R.I.P. E-mail Newsletters: 7 Ways to Pump Adrenalin Into Your List

Wake up! You should plan to get diminished returns from typical e-mail fundraising, recruitment, and messaging next year. Here are seven concrete ways you can squeeze more juice from your email list.
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Your e-mail newsletter is going to die. As you read this, there are a host of illnesses attacking the health of your pretty newsletter: competition, RSS readers, SPAM, PDAs and tracking issues, and digitalnoise. Scared yet?

Every year e-mail open rates decline. Ten years ago, e-newsletters were achieving, on average 25 to 30 percent open rates. Between 2004 and 2007 rates slipped to 15 to 20 percent (200 million messages surveyed). But since 2006, open rates are tracking around 8 to 13 percent. Let me be clear: if your mutual fund posted these numbers, you'd be selling your house and taking on a second job.

It's only getting worse. Millennials are not huge fans of e-mail. Expect the declining trends to continue as this generation gets older.

I mean to scare you. Wake up! You should plan to get diminished returns from typical e-mail fundraising, recruitment, and messaging next year. E-mail is still a strategy that every org should employ and I even recommended it my last article, Will You Marry me?, but it needs to be done right to maximize the impact.

Here are seven concrete ways you can squeeze more juice from your email list:

1. Information
The more information you collect and record the more personal and targeted you can make e-mails. First/last name, address, how they entered your org are all examples of valuable information that can be used to divide your lists. You can make sub-groups of people in the northeast or people that went to the annual party and send them more relevant information.

You also can use constituent data to personalize your e-mails. Most CRMs will let you insert this information as a variable that changes for each member:

" Hey [[First_Name]] ,
Find out what your senator in [[Address]] is up to before the annual
[[Event_note]] is here. "

2. Love Your Subjects
Spend time on your subject line. Many orgs spend 95 percent of their time writing and refining the content that is in the e-mail body. Constituents decide whether to read or delete based on the 35 characters in the subject line. "December Newsletter" is not an effective subject line. The best tantalizing subject lines I've seen? Browse Seventeen.com and see how they write enticing five to eight word teasers for everything (though you may want to replace "flirting," "style," or "fashion" with "fundraising" and "Cause").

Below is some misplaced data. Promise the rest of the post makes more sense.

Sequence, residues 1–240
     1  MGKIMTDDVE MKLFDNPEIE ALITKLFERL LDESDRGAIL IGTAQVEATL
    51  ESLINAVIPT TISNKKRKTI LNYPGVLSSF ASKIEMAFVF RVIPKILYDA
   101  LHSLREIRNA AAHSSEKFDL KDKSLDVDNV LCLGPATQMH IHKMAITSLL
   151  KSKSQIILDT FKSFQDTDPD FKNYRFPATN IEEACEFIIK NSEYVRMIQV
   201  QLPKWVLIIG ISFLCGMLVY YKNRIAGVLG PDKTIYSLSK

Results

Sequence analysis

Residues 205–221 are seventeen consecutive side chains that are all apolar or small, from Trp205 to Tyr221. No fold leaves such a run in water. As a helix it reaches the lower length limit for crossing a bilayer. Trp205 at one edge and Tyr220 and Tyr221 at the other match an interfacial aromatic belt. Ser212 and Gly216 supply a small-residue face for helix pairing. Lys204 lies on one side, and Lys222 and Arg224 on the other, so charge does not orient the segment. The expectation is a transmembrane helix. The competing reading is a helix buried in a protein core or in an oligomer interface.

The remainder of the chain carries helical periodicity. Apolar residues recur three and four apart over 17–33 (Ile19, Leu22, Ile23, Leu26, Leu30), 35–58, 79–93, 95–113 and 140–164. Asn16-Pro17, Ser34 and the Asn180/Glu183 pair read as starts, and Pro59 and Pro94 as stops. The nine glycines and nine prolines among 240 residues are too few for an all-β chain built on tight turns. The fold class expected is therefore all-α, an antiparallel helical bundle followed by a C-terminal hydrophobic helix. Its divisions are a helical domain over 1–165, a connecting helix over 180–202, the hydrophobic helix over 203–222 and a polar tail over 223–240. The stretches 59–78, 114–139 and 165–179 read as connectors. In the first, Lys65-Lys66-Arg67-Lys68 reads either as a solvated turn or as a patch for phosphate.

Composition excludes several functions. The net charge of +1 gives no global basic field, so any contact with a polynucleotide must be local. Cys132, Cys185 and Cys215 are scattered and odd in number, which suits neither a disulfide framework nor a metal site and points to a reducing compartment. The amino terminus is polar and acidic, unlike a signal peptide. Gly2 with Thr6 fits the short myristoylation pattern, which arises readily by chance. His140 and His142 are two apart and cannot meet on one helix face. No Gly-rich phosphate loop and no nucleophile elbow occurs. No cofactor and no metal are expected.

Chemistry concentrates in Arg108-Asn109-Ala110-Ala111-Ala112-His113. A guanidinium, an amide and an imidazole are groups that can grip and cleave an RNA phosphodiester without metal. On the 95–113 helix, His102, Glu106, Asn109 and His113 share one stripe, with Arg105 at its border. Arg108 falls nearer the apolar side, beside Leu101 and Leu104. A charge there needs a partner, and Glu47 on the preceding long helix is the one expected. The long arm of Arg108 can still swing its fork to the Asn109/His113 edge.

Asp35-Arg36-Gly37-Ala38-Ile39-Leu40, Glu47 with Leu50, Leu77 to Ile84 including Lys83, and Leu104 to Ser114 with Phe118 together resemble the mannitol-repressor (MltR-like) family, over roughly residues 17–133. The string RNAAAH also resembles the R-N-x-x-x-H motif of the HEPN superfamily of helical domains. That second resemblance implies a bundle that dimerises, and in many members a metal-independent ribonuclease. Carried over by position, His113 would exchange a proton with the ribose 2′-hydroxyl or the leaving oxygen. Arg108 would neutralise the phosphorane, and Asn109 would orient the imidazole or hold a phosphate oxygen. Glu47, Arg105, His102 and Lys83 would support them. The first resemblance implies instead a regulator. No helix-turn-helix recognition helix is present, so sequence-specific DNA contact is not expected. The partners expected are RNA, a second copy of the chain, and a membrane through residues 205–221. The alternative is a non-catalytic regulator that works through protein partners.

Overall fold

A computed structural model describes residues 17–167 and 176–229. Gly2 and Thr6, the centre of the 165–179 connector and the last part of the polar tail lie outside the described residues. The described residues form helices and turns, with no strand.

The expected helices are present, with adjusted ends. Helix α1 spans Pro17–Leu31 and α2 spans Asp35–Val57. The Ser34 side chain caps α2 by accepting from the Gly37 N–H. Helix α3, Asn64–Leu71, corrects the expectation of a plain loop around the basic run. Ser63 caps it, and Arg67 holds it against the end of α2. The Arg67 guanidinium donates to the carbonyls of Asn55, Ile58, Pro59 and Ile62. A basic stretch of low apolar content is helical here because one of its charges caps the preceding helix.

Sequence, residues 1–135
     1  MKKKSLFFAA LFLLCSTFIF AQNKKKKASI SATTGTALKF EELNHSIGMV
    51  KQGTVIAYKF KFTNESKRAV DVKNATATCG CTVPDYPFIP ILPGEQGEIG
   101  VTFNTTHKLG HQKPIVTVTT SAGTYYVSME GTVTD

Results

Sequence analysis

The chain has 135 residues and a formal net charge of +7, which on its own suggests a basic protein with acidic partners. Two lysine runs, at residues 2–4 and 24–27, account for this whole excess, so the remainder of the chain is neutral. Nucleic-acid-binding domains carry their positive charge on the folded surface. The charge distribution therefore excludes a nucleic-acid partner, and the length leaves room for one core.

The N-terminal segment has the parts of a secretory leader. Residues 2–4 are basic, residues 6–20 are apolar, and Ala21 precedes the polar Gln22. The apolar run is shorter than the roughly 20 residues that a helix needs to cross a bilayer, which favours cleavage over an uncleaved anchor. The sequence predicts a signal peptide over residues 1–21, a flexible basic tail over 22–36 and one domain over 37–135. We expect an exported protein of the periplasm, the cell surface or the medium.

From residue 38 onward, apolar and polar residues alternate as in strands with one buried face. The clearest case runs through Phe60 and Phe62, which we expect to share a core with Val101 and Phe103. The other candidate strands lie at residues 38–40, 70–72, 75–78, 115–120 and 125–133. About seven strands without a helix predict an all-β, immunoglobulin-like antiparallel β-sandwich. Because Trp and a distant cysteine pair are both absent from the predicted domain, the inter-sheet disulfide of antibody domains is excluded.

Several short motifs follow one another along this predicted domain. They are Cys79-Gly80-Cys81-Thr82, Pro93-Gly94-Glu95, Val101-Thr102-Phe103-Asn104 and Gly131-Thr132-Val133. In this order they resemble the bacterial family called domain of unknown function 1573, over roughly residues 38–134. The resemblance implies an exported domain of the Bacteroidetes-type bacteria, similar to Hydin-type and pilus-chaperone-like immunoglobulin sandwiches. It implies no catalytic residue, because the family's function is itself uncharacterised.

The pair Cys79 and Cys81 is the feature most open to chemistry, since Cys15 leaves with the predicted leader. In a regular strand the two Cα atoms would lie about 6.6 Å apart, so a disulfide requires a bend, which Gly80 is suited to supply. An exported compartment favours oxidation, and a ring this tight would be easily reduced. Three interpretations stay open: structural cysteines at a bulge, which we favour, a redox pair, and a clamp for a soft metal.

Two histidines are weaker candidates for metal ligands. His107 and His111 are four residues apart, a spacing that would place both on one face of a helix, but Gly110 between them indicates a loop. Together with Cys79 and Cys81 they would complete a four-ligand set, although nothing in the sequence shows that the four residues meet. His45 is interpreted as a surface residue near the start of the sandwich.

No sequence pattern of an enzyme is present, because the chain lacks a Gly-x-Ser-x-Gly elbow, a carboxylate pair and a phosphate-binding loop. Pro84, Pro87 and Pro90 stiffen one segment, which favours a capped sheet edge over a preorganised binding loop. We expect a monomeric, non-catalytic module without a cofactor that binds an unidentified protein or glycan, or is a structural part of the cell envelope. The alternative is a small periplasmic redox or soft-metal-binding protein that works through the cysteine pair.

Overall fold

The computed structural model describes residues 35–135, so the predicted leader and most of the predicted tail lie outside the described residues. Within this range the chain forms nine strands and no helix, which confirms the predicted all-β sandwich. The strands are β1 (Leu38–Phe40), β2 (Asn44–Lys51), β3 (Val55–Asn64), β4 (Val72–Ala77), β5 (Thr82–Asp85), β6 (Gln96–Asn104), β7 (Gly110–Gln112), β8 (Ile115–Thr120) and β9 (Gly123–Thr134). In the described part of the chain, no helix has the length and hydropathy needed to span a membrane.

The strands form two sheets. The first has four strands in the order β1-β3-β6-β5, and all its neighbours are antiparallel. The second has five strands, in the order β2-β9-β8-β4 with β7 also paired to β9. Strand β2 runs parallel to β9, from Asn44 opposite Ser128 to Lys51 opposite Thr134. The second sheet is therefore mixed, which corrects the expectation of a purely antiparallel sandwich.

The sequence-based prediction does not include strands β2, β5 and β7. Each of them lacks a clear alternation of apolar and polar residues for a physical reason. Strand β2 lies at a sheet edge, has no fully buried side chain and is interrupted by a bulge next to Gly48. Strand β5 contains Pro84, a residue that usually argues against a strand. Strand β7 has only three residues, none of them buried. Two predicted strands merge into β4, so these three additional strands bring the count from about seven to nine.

Try using: a number, a statistic, the word "new", a celebrity's name, (open me), something topical, something hyper-local, inserted personal information like the user's name, or an offer that relates to them.

The "From" e-mail address is also an opportunity to add personality to a newsletter. Who would you rather open an email from: "noreply@someorg.com" or 'TakeAction@someorg.com"?

3. A/B Test Subject Lines
DoSomething.org tests two subject lines on 5 percent of our list the day before we send our main blast. The subject line that gets the highest open rate is the one we choose for our main message. We have had as much as a 4.5% difference between two subject lines. That could means thousands of eyeballs.

4. New People and Returning People are Different
Do you send the same message to your existing loyal members and to random users who sign up while casually browsing? That's like sending the same holiday card to your mom, your ex-girlfriend, and a stranger. Yeah, not smart.

Consider separating your lists. Send more recruiting information to new signups. Send more personal stories along with relevant updates to existing members or supporters.

5. Event Targeting
Collect data -- and track where it came from. At every event your org should collect business cards. When you have a sign up list, collect more than a name and email address. Send out an e-mail the very next day with photos and information from the night before. Keep the momentum moving.

6. Kill the bottle necks
Allow the people that manage small member groups to message them directly. At DoSomething.org the person that runs our club's program can communicate with our 900 clubs via e-mail without knocking on my door every time (though Mike knows he's welcome to knock on my door if he needs to).

It makes me sad to hear about other orgs requiring multiple levels of approval, wasting time for the sake of bureaucracy. Hire smart people, give them the communication tools, templates, training and permission to run their own programs... and get out of their way (Thanks, @NancyLublin).

7. Timing is everything
There is a lot of debate regarding when you should send your newsletter, but everyone agrees: keep it on a regular schedule. Create expectation on behalf of your constituents.
As a general rule, I think the morning is better than the night. The goal is to be
the first thing in someone's inbox when they get to work. Monday through Thursdays are the best-rated days to send your newsletter. Be mindful of holidays. But the real answer is measurement: test different days, times and strategies on your particular audience.

Find quick definitions for this article and a list of e-mail providers used by top not-for-profits at http://www.dosomething.org/staff-blog/resources-rip-email-newsletters.

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